There is nothing sacred about current poverty lines. Their creation involved scholarly and political choices. In the early 1960s, Mollie Orshansky, working in the Division of Research and Statistics in the Social Security Administration, used the Department of Agriculture model food budgets to construct poverty lines. It was known that food budgets were, on average, a third of a family’s total spending, so Orshansky multiplied the two lowest budgets–the low-income and the emergency-economy budgets–by three to get two sets of poverty lines. She argued that the government should adopt the higher of the two–the low-income level–but the Bureau of the Budget ordered federal agencies to use the stingiest of  the budgets, the emergency budget. That was three fourths as high as the low-income budget. Truly lower than low.

Who needs help?

Many groups have been unfairly pushed down into poverty by warped social, political, and economic structures. In 2020, the poverty rate for Black people rose to 19.5%, and was twice the white (non-Hispanic) rate of 10.1%  and the Asian rate of 8.1%. Observers wearing rose-colored glasses may point out that poverty rates in 2019 and 2020 were the lowest ever for Black people. Realists can point out that there is something terribly wrong when a fifth of a particular population is below even the subterranean official poverty lines. Ditto for Hispanics, whose 2020 rate was 17%. For disabled people in the working-age group of 18-to-64, poverty rates were extremely high in 2019 before Covid at 22.5%, and they increased to 25% in 2020.  

In terms of your income level, it is better to work, and work full-time if you can. For those who worked full-time, year-round, the poverty rate fell from 2% to 1.6%.  People who did not work at all had very high poverty rates: 26.4% in 2019 and 28.8% in 2020. From such numbers conservatives conclude that people need to work more. And get married. It is true that married-couple families have poverty rates below 5%.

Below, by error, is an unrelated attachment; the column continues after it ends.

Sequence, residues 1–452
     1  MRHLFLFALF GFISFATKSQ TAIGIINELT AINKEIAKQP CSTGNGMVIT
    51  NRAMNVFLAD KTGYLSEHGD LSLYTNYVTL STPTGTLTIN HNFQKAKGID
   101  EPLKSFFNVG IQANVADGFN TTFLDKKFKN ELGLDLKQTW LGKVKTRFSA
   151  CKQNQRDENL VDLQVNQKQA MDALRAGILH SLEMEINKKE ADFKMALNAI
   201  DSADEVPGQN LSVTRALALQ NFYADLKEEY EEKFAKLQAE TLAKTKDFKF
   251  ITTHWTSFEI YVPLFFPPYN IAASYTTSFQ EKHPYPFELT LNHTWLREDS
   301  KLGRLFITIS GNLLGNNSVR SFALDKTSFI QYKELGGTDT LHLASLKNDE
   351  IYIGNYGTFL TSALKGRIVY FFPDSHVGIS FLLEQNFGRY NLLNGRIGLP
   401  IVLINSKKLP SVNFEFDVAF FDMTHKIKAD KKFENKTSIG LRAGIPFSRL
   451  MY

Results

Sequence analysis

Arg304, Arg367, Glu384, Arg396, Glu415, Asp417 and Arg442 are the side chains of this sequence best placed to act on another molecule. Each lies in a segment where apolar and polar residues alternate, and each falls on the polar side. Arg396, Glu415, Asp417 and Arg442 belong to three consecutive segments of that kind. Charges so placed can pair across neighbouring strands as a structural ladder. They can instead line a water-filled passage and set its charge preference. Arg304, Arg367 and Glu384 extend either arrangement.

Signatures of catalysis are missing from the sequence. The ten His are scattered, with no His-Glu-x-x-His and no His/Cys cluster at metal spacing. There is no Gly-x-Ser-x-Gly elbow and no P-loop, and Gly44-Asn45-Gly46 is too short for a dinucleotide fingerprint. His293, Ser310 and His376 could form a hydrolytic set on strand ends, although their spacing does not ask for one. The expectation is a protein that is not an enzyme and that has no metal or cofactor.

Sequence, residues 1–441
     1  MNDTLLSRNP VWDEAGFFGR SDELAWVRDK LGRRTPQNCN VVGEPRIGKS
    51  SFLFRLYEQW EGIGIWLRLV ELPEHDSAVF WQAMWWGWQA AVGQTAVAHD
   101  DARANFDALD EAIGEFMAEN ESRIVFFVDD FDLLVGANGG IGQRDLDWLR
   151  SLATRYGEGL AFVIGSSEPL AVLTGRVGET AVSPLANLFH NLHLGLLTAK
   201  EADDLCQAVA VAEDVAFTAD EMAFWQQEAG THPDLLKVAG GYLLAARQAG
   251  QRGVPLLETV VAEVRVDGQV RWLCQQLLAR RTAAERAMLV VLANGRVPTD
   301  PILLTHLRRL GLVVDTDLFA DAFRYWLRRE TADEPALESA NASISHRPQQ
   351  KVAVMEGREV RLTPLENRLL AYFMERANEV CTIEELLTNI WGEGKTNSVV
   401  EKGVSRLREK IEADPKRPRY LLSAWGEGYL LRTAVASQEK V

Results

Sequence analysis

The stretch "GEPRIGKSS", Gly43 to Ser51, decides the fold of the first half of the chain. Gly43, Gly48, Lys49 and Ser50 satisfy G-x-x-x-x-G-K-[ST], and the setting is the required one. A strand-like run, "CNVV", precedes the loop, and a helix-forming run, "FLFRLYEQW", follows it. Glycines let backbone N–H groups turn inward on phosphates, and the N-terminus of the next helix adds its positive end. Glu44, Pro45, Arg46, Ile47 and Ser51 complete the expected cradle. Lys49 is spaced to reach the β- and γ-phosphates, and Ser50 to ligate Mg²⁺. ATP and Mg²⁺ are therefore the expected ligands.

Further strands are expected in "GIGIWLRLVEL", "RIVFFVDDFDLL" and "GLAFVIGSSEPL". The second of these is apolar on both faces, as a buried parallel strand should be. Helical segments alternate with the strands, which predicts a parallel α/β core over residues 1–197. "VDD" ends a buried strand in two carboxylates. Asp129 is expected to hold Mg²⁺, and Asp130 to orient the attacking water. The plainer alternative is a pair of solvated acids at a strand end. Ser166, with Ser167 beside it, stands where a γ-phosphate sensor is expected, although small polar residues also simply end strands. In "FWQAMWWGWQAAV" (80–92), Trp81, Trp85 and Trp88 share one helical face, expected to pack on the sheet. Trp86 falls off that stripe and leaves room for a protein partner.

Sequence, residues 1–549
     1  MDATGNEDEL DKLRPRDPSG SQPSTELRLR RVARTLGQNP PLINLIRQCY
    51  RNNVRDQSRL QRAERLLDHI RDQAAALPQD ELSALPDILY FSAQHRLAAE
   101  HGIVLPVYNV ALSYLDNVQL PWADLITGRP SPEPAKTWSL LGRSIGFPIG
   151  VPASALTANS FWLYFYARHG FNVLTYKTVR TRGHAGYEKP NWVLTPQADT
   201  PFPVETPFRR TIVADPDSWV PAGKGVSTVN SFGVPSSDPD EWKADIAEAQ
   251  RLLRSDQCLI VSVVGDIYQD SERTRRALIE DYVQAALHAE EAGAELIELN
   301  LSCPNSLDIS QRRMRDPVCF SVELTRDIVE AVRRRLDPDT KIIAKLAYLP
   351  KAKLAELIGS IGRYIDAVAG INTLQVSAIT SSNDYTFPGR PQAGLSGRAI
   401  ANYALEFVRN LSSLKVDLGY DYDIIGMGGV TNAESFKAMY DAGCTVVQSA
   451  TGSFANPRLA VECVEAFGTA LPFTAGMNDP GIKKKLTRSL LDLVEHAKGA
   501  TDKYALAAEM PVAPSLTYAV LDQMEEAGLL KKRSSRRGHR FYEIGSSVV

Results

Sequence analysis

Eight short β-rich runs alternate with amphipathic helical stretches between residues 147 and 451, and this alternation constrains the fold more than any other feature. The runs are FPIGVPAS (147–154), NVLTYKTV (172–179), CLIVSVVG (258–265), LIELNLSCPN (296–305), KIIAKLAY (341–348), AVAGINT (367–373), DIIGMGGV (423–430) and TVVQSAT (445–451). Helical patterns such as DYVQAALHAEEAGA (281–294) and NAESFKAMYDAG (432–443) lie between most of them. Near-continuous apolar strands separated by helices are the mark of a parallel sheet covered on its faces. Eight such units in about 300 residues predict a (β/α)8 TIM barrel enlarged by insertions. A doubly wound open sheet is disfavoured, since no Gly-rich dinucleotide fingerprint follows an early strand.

Still, as June Zaccone of the National Jobs for All Network points out, in 2020, 12% of all full-time, year-round workers earned less than the average poverty line for a family of four–$26,496. These people were being paid less than $13 an hour, though they were, presumably, serious workers.

What to do in 2022: A partial list

  1. Federal poverty lines–RPMs and SPMs–are a poor measure of economic deprivation in the United States. New poverty lines should be at least 50% higher. 
  2. New lines should count as income more federal benefits and highlight the anti-poverty effectiveness of various federal programs.
  3. The federal minimum wage, now $7.25 an hour, should be put on track to reach $20 soon. The Federal Government should create millions of good jobs and ensure that low-income people and those frequently discriminated against get an extra large share of new good jobs.
  4. Conservatives can stop stereotyping the poor as self-indulgent people who must not be coddled. Stop telling them to work for sub-poverty wages and start supporting a high-wage economy. Talk about the indulgences of the filthy rich. Think about $25 million for ten minutes in space.